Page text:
On mapping the creative industries, British Council has come out with a series of tool-kits, explaining the process. It advocates an inclusive approach clubbing music, theatre, cinema, advertising and other “economic activities stemming out from creativity and culture” to understand the true contribution of the creative industry. In India, how inter-connected is the creative industry? What steps would you suggest in mapping creative diversity in a nation such as India?

In Britain the idea of formulating the term “creative industries” has been to find their role in larger economic, social and industrial agendas. It’s a complex exercise and is not quite as simple as clubbing disciplines together under one umbrella. In any case, the British model would not work for India, but the fundamental steps to understand creative diversity would remain the same: documenting the creative industries, mapping, modelling, drawing inferences and applying them to long term policy decisions over the next 50 years. This would be invaluable to us creative practitioners because we would be able to understand our own contribution to the nation at large. It would also enable us to make our case to the government and industry. At the moment, we often feel insignificant and side-lined, even though we believe we have a lot to offer to an emerging India.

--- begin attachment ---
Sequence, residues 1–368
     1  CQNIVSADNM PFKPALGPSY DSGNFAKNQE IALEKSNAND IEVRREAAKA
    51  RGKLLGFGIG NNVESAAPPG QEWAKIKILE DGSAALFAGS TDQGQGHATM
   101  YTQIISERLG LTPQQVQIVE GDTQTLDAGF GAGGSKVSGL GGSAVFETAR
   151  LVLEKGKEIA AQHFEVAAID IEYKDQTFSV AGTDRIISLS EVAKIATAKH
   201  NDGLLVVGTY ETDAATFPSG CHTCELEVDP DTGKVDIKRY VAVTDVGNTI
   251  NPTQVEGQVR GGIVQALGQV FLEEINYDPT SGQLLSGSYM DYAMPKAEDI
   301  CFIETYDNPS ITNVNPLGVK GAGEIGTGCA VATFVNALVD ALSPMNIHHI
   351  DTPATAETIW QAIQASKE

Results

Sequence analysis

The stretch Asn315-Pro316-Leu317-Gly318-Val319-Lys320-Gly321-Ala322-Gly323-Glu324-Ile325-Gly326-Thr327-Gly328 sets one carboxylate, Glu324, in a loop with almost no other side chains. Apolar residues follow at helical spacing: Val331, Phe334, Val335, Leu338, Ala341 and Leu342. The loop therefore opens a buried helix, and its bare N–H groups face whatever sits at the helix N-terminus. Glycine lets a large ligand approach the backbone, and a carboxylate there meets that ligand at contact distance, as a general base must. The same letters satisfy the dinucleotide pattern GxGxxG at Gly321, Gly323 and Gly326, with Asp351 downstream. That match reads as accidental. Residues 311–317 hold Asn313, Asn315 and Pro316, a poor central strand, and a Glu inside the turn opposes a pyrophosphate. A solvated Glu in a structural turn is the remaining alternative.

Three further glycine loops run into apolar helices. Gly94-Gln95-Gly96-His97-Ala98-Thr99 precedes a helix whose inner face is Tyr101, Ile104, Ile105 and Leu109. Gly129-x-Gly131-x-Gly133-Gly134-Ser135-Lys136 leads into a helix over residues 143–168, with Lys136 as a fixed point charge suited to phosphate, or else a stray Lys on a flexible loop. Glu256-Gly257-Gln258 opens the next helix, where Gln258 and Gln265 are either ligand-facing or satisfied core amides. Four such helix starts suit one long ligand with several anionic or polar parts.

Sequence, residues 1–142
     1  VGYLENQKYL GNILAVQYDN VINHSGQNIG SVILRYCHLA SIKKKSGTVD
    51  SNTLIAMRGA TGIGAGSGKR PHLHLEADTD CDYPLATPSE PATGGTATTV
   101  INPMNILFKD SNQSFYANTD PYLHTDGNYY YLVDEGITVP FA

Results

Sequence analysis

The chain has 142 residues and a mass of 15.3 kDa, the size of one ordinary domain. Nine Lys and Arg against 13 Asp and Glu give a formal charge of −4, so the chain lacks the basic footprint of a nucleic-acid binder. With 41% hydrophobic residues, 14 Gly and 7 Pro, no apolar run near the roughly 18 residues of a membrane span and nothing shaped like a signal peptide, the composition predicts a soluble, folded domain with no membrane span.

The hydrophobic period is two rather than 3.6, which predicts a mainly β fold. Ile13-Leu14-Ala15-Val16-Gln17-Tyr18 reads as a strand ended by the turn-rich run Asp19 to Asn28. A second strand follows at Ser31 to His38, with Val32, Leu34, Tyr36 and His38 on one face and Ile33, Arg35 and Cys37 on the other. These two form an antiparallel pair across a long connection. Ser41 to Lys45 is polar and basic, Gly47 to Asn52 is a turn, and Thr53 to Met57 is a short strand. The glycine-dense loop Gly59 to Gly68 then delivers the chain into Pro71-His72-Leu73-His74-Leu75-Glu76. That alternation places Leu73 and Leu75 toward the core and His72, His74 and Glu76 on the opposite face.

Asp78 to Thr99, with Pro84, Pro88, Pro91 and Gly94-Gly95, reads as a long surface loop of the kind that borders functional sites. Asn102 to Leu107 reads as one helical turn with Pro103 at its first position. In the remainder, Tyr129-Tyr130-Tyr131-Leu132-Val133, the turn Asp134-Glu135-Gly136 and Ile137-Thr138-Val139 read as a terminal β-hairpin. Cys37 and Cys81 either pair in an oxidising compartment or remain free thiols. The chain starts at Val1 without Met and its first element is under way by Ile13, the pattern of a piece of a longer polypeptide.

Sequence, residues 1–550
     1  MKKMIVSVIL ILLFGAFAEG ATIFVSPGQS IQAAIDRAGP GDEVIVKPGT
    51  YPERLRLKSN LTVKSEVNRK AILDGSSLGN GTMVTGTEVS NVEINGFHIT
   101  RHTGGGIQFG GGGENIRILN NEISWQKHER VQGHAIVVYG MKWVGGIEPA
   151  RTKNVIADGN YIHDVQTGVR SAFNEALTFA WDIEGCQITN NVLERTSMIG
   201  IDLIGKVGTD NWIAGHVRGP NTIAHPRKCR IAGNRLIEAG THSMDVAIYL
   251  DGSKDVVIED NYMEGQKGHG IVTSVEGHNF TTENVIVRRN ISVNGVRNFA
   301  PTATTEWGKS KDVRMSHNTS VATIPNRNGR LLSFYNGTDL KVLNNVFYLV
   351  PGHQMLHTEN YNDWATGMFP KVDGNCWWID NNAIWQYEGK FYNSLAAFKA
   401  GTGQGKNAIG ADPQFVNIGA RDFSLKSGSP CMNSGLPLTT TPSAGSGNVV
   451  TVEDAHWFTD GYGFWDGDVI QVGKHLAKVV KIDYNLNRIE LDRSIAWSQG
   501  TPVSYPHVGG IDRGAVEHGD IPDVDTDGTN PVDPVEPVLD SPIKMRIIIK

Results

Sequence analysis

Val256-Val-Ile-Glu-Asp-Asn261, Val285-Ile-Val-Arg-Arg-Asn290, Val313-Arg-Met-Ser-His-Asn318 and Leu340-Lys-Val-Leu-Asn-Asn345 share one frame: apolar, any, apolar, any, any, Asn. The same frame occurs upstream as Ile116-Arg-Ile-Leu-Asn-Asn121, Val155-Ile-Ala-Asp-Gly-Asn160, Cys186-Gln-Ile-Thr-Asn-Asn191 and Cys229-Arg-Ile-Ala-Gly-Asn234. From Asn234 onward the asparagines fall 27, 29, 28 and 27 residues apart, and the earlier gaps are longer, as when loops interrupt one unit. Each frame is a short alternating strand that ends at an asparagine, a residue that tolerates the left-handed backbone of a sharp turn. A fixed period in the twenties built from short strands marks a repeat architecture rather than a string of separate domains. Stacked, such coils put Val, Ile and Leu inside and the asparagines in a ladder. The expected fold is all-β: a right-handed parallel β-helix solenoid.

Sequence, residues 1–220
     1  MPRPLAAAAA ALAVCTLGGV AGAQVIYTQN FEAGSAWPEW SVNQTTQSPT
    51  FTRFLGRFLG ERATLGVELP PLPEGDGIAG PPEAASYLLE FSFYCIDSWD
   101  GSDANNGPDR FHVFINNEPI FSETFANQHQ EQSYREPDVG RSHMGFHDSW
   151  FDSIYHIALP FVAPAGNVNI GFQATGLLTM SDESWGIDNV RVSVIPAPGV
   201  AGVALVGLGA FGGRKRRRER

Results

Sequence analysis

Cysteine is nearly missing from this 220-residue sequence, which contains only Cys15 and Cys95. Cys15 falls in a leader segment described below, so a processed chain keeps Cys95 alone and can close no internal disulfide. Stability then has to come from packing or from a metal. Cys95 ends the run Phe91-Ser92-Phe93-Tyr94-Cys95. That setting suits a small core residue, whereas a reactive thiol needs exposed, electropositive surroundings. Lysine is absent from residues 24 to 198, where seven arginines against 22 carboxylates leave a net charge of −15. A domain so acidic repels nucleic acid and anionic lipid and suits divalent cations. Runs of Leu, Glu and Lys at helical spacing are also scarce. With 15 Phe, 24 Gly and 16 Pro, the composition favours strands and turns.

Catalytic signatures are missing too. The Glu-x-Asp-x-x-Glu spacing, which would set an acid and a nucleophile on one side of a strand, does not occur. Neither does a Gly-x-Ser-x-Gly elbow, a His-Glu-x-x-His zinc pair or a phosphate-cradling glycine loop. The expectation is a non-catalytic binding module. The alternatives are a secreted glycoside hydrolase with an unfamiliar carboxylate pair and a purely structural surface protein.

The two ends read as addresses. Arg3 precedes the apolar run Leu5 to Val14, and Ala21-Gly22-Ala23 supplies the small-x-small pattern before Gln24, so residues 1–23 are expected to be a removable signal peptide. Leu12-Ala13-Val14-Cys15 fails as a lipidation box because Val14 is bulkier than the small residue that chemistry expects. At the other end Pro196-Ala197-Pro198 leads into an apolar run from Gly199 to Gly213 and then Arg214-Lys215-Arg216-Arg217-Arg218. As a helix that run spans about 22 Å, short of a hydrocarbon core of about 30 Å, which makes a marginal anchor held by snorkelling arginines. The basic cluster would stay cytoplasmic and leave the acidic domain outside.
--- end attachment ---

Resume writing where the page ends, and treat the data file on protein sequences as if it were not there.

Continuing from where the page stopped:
Unlike other professionals, designers don’t have many mentors to turn to? As you talk about the idea of a seamless evolution, what would you tell youngsters and even contemporaries about creating this continuity?

We urgently need to form a body that represents us professionally as designers. Without it, we have thus far been unable to identify each other, our collective needs or common goals. When we need mentorship we don’t know whom to turn to because the platform for design does not exist. Things are changing however, with the formation of bodies such as the Association of Designers of India that is a neutral, professionally driven group of people without affiliations to any government or business body. I would urge young designers to think about the profession, not just their portfolios and contribute to the community.